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China ‘fuelling corruption, resentment in Pacific’: Vanuatu Foreign Minister

One of the Pacific’s most respected diplomats, Vanuatu Foreign Minister Ralph Regenvanu, has warned Chinese investment in the region is fuelling corruption and causing resentment among local people being denied jobs by imported workforces.

Regenvanu said the biggest problem dealing with China — unlike Australian and New Zealand — was the policing of local laws, and issues around corruption.

“Chinese investors seem to have a more lax attitude towards regulations, for example — environmental impact assessments,” he told the Australian Centre for China and the World’s Little Red Podcast.

Regenvanu said relationships between local politicians in Vanuatu and the dominant Chinese contractor, China Civil Engineering Construction Corporation, were undermining good governance.

“There are issues of corruption, of course, especially in public works,” he said.

Regenvanu said huge numbers of Chinese workers in Vanuatu were stoking resentment among locals, particularly in his own electorate of Port Villa, where Chinese business people and labourers were seen as depriving opportunities to the young people.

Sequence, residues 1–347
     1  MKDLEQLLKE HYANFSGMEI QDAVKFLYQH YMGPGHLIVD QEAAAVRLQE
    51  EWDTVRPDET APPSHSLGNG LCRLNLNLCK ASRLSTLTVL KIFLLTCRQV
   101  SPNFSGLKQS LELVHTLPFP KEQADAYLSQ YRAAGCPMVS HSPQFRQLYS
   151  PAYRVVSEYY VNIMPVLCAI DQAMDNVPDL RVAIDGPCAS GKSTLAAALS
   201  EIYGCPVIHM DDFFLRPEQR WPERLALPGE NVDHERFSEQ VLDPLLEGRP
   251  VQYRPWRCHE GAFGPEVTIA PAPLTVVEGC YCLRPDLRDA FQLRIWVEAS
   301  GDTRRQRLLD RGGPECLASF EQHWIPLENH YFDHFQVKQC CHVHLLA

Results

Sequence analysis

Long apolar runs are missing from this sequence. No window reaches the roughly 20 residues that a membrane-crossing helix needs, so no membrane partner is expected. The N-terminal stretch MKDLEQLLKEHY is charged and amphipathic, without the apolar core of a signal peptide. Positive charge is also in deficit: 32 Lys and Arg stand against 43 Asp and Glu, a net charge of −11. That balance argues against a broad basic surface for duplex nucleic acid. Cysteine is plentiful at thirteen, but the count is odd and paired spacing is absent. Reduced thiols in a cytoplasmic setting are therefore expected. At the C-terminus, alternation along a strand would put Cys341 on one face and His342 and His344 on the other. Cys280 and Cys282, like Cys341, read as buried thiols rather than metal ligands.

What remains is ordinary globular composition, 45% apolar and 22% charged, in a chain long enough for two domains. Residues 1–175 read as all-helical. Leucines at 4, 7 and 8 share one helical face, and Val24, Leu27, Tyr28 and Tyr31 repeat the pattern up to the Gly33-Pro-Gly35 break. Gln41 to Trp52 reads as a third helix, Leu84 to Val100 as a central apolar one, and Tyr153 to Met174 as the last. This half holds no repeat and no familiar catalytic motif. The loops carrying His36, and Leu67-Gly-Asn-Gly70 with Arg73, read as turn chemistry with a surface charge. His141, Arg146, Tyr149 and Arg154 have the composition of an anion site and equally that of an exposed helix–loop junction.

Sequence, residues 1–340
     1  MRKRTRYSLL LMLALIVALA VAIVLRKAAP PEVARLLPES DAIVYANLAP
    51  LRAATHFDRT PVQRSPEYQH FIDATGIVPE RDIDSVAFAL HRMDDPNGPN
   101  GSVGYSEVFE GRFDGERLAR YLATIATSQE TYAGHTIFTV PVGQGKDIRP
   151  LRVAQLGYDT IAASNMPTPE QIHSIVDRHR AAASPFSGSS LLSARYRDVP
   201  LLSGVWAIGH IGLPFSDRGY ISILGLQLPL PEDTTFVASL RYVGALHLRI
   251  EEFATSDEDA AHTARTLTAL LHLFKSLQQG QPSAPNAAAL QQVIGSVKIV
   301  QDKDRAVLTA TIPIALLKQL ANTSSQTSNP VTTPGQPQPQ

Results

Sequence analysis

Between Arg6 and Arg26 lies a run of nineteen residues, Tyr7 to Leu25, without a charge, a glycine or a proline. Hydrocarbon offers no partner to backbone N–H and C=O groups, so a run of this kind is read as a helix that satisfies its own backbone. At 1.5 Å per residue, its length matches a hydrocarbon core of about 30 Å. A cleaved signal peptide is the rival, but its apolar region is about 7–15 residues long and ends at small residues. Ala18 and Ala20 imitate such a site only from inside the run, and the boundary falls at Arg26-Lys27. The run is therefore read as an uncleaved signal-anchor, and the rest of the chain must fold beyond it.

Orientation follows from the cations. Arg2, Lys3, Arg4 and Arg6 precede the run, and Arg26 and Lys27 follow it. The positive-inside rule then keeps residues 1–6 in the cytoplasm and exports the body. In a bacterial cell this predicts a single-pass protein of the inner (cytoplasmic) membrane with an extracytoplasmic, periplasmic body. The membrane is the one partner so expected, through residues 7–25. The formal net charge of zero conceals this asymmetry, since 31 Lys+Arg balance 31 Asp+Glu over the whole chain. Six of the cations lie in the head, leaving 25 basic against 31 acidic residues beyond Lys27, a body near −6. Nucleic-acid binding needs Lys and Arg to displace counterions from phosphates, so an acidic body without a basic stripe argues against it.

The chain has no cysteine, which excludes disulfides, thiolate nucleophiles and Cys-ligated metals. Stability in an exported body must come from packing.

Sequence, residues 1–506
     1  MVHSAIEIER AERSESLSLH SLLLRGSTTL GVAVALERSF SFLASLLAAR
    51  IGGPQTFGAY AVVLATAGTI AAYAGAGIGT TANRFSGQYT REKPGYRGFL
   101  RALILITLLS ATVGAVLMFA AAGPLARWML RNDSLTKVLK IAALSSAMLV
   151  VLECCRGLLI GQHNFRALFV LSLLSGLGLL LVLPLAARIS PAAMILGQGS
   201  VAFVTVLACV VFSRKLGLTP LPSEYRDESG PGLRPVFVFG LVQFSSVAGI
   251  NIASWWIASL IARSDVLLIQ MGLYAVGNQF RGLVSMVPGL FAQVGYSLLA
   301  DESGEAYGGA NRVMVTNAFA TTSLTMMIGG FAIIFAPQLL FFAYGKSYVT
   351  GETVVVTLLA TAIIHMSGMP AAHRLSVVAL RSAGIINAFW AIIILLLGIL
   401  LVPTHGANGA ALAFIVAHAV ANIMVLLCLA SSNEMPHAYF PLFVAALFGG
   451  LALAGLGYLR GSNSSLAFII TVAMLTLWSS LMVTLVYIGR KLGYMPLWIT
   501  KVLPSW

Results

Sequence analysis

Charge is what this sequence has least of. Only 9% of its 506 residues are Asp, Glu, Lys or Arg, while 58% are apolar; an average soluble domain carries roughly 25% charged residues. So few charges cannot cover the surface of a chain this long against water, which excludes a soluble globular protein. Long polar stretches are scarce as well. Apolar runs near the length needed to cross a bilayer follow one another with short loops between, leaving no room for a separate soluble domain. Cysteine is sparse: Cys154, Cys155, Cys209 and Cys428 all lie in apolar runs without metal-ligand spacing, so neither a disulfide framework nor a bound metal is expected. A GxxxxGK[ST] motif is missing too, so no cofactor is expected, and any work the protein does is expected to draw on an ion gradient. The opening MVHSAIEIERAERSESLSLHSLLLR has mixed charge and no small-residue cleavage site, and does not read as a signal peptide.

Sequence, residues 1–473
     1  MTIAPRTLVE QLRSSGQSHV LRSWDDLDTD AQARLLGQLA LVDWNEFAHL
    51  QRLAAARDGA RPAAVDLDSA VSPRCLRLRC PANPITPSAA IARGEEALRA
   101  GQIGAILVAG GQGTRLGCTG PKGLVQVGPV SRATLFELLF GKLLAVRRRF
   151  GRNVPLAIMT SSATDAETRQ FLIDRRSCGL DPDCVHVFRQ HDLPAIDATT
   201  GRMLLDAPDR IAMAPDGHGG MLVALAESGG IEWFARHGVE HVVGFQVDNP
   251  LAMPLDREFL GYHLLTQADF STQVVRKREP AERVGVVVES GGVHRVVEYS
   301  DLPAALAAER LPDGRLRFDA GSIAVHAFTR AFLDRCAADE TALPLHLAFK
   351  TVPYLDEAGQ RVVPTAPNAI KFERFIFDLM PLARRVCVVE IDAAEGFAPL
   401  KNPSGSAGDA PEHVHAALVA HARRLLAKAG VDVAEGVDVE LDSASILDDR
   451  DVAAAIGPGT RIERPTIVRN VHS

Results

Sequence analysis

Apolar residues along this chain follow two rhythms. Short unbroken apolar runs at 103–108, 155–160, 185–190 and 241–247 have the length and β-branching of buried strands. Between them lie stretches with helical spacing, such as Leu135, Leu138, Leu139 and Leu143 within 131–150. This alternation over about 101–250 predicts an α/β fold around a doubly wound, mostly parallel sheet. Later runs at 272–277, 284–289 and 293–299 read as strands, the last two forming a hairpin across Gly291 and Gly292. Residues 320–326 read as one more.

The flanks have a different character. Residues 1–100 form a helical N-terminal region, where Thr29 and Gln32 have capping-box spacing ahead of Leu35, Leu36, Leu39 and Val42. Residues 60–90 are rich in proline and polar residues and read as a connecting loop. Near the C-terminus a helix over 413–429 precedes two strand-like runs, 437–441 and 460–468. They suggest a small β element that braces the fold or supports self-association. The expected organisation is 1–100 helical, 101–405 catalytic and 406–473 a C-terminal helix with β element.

“When you see people who you perceive as foreigners having jobs and having businesses, and you think you’re a local and can’t have access, it becomes an issue,” he said.

Pacific Island Forum Secretary-general Dame Meg Taylor said some Pacific nations felt they were being swamped by Chinese workers.

“I think there is a fear of being overrun. That there will be everybody coming from outside to do these projects,” she said.

Dame Meg said the feeling was acute in her own country of Papua New Guinea, where 60 per cent of the population was under 16.

“You meet all these young people that just cannot get a job. We have to address this. We’ve got to provide opportunities for them,” she told the Little Red Podcast.

Dame Meg said Beijing had sought to influence the forum’s secretariat, urging it recognise the One China policy.

But the forum includes six nations which continue to recognise Taiwan — Solomon Islands, Kiribati, Marshall Islands, Nauru, Tuvalu and Palau.

“The secretariat faces pressure. The forum itself, the leaders conduct themselves the way they want. But we are the workers so we cop it,” she said.


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